‘It was my most difficult film’: Keanu Reeves on John Wick 4

Keanu Reeves speaks to Adam Stone about reprising his role as John Wick, doing intense action scenes, and his comic books series, BRZRKR
Keanu Reeves
Keanu Reeves

How is John Wick 4 different from the previous films in the series?

This one is bigger, and has more action. The stunts and fight scenes are more intense. There are also a lot of new characters. Think about everything we did before, and then take it up a level. That’s John Wick 4. I’m grateful that I got to play this extraordinary character for a fourth time.

What is it about this character that keeps you and the audiences coming back for more?

I think it’s the fact that he’s an underdog. We want him to win despite the odds and love how he keeps on fighting, no matter what. 

Is there any stunt you were particularly excited for audiences to see?

There are so many. But one that I really enjoyed shooting is a fight scene in front of the Arc de Triomphe in Paris. That’s a crazy scene.

Any injuries?

Oh, lots! It’s pretty much impossible not to get battered and bruised making a movie as intense as this.

Do you consistently stay in shape for action movies?

No way. I train and get in shape, but then once we’re done, I go back to being a total shipwreck (laughs).

Did you have to do any extra training for this one?

Yes, there is a lot of stuff with cars, so I had to do some specific driving training. I also had to learn to fight with nunchucks, and then take my judo and jiu-jitsu training to another level. There was also sword training and some horse riding. This is the most difficult and challenging movie I have ever done, in terms of the physical elements of the role.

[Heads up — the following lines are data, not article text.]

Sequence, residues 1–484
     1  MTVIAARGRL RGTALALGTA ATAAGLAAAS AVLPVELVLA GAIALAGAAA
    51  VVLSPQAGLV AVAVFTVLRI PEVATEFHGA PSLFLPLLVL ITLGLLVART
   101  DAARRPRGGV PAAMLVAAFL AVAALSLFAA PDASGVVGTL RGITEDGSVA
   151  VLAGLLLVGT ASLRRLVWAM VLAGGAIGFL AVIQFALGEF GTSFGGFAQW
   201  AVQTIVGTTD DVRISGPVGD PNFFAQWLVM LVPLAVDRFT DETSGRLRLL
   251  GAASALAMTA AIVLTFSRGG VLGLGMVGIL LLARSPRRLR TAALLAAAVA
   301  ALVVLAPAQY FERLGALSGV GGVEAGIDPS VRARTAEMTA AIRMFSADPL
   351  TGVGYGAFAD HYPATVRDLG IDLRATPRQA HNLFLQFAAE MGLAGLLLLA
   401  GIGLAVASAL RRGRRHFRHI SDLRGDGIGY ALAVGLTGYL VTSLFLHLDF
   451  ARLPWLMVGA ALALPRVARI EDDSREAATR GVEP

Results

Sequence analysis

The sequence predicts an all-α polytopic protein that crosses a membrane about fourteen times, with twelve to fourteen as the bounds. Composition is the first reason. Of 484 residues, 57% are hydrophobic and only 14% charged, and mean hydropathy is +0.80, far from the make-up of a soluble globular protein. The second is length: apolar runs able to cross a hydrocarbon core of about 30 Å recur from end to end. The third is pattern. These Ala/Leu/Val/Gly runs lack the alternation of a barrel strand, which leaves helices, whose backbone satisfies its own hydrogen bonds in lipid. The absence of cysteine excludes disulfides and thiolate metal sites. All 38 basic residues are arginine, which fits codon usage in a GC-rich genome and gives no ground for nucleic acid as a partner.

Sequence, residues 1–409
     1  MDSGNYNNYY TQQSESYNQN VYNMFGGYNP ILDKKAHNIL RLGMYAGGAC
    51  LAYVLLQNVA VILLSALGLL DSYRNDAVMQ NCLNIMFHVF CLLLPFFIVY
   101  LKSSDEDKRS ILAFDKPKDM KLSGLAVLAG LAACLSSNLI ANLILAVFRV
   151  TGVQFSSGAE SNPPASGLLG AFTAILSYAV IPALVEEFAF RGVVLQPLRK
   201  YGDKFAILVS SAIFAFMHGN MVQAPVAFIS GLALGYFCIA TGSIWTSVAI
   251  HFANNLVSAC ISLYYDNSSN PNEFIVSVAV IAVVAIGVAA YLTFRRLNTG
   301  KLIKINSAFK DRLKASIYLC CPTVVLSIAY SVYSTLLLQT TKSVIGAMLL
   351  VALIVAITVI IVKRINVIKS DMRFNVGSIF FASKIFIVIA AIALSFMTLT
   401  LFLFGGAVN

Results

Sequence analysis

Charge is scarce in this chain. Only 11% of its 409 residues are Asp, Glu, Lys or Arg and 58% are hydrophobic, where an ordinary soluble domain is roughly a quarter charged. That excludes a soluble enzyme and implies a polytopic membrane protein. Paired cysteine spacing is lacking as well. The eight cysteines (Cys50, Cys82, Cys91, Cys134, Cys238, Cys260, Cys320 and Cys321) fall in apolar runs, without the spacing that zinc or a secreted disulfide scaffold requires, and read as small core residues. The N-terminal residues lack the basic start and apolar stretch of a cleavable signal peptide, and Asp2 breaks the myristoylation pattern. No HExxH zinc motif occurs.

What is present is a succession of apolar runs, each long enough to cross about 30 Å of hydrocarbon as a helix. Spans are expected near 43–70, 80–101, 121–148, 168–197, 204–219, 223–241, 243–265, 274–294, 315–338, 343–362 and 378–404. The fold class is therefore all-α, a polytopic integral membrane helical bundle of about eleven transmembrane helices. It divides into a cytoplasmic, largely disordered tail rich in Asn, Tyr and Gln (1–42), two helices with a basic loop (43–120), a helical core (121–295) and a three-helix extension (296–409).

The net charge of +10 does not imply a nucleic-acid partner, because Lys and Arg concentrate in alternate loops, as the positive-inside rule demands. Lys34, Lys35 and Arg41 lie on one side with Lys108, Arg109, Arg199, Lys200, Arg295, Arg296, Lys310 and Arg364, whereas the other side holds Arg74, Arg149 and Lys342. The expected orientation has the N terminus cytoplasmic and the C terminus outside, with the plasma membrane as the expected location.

How was it working with Laurence Fishburne (who plays the Bowery King) again?

What can I say? The man is a legend, great friend, an incredible artist and mentor to me. I love the relationship between his character and mine, and any chance I get to hang out and work with him.

How do you go about getting back into character for each John Wick movie?

I know him pretty well by now, but for John Wick, it really starts with conversations with Chad (Stahelski, the director) about what his vision is, and where the character is going. Chad is really the centre of it all. It’s his incredible skill in shooting action and telling a story. Over four movies, we have developed this kind of shorthand way of working together. I just try not to limit what he wants to do in 
a physical sense because none of this is getting any easier.

You have experience as a director yourself. Is that something you plan to return to at some point?

I hope to. It’s just finding the right script and opportunity. It’s a lot of work. I learnt that when I directed Man of Tai Chi.

You have also been busy writing your comic books series, BRZRKR. What can you tell us about that?

BRZRKR is something I have really enjoyed. It’s actually a very similar collaborative experience as John Wick, in the way that I get to work with incredible artists such as Matt Kindt and Ron Garney. Comics were a huge part of my life growing up, so it’s a dream come true to be involved in 
that world. It’s something I had never done before and definitely hope to do more of.

Will you be playing BRZRKR on screen at any point?

It looks like that might happen. We’ll see. It’s an exciting possibility.

Is it true that we will also see you back as John Wick in a spin-off movie?

Maybe. The spin-off is something I am excited about. It’s called Ballerina, and it stars Ana de Armas, who reprises her very cool character, Rooney, from John Wick 3. It is set between that movie and John Wick 4, so it expands the whole world even more.

Finally, of all the roles you have played, which do fans quote the most when they see you in public?

Right now it’s John Wick, but I also get some Neo from The Matrix, and Johnny Utah from Point

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